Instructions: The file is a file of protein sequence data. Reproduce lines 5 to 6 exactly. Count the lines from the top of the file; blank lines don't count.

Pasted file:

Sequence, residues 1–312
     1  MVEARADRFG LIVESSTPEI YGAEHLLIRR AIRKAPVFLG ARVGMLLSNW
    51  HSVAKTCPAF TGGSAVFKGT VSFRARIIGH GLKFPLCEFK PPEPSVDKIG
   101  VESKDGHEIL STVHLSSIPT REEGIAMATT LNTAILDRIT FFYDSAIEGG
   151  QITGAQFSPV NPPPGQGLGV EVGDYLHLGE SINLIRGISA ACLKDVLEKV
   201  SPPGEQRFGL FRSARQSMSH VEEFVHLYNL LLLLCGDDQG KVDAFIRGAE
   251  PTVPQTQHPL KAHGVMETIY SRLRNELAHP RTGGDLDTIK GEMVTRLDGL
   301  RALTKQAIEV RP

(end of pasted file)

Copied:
   151  QITGAQFSPV NPPPGQGLGV EVGDYLHLGE SINLIRGISA ACLKDVLEKV
   201  SPPGEQRFGL FRSARQSMSH VEEFVHLYNL LLLLCGDDQG KVDAFIRGAE